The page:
When I had just started college and was getting interested in contemporary poetry, I emailed my favorite poetry professor for a list of recommendations. He sent back a bunch of names, and Eileen Myles was at the top of the list, distinguished from the others by an exclamation mark following her name. Several books later, I wrote back to thank him for the list and said, “Yes! Eileen Myles! I see why she was distinguished with an exclamation mark now!”
The exclamation mark, as punctuation, is an explosion in your brain and heart that inflects whatever is attached to it. That’s what Eileen Myles’s poetry is like: a burst that can be felt and performed, but is impossible to box away or neatly categorize. Her work is so funny, so witty, so punch-you-in-the-stomach sad, so past-midnight love-y, so late-summer-afternoon sexy.
I spoke with Myles while she was “prancing around in a suit” and getting ready to go to the White House, but she took the time to talk about her two new releases: the reissue of her 1994 novel, Chelsea Girls, and her fabulous collection of poems, both old and new, titled, I Must Be Living Twice: The New and Selected Works of Eileen Myles.
I want to start by asking you about the relationship between these two books and your other books. And when I ask this question, I’m thinking of how French or Spanish words enter the English language as “loan words,” but they retain their history while taking on new meaning. I’m wondering how a poem like “Peanut Butter” or “An American Poem” is different when it’s in a collection like Not Me  and then how it might change when it enters I Must Be Living Twice?
It’s in a bigger river that I’m getting carried by at this time. The conclusions of the poems seem different. I don’t read that poem [“An American Poem”] much at all, or haven’t, up until recently, because it’s so much like my calling card. A lot of people know me through that poem. I’ve been on this tour and of course I wind up in Dallas, and I’m like, do I read it in Dallas? And also, what does Kennedy mean to a new generation? Kennedy meant something so specific to people in the ’80s and ’90s, people who came up in the ’60s and ’70s, and it’s like, does it even have the same punch? One of the things about having a new collection is that it gets mixed in with all the other days and months and years of poems and times, and you basically get to check what it’s flowing against in the world right now. Does it work? And I’m finding it does, but I think it works differently. Everything does. “Peanut Butter” was always one of my favorite poems but nobody made much of it. Suddenly it’s a coping poem, and I guess because of social media. People post it on social media and a lot of people who don’t know [my] work at all know that one poem. And then it becomes, do I read that? I know people really like this poem.
I think the whole cloud of this book is maybe figuring out how to be a poet differently. I’ve never been obscure. I’ve always been known in the poetry world and known in the queer world, but we all live in these different containers of community. Suddenly, I’m sort of thrown into this wider one. As a poet, you don’t think of yourself as having standards, like, “sing ‘Like a Rolling Stone’!” It’s funny to be that person. I get to play with my own oeuvre, so to speak, read it when I’m in the mood, be a little draggy. I’ve had much more of an experience of myself as a performer with this book. Because I do need to read the older work, and I love reading the older work, but it’s a different performance.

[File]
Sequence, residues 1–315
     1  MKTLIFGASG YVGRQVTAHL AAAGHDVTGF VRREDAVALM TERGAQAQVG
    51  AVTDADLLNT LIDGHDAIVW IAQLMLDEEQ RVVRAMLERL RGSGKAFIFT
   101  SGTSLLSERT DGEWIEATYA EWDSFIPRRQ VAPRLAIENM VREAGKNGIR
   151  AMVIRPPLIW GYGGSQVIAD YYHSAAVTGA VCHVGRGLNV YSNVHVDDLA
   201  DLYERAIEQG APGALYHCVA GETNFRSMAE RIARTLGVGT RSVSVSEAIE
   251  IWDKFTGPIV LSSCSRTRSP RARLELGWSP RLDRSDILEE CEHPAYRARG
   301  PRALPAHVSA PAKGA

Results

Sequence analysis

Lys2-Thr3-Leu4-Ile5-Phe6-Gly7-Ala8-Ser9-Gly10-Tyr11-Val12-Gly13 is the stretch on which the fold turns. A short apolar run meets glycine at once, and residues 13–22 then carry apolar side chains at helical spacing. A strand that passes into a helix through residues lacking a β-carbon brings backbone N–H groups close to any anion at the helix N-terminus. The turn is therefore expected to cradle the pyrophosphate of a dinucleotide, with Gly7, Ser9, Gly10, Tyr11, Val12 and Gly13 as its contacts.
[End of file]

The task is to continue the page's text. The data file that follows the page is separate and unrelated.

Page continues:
Do you think it’s a different poem each time you perform it?
Oh yeah. Because I wrote [“An American Poem”] in the ’80s, and it didn’t come out until the early ’90s, so yeah absolutely. It’s absolutely different.
You straddle so many genres in your work, and you do it very gracefully, often creating new ones at times, such as “a poet’s novel.” Chelsea Girls calls itself a “novel,” and I’m wondering what the term novel means to you, and how it’s different from “a poet’s novel,” or the genre of poetry?
With this publication of Chelsea Girls, to say “a novel” is just a bigger grab. A few years ago, I remember being with a friend—I can’t remember what book of mine we were talking about, but I was with a guy and a woman—and at some point she said, “Why do you call it a novel?” I was thinking, What should I say?, and my friend leaned forward and said, “Because she says so!” And it’s just that. As an artist you get to determine. I get to wield genre as a way to control [the audience’s] apprehension of my work. But I also love fiction, I love novels, I’ve read more novels than nonfiction. In a way, the act of saying a book is a novel instead of a memoir is also saying, “This is writing, this is art. I want to be perceived that way,” as opposed to someone saying, “Did that really happen to you?” I don’t want that conversation.
Totally. That makes me think of what gets to be considered writing. There are so many platforms now, but only some forms become “writing.” I think about this with emails all the time, because I spend so much of my day writing emails. So I got some of my friends together and we did a poetry reading series where we all just read our emails.
Oh, how great! I love that.
It was really fun! But also cool to see how an email sounds like a poem when it’s read in the context of a reading series. And you’ll often hear, “young people don’t write, young people don’t care about poetry!” But you can see writing and poetry all over Tumblr and Twitter.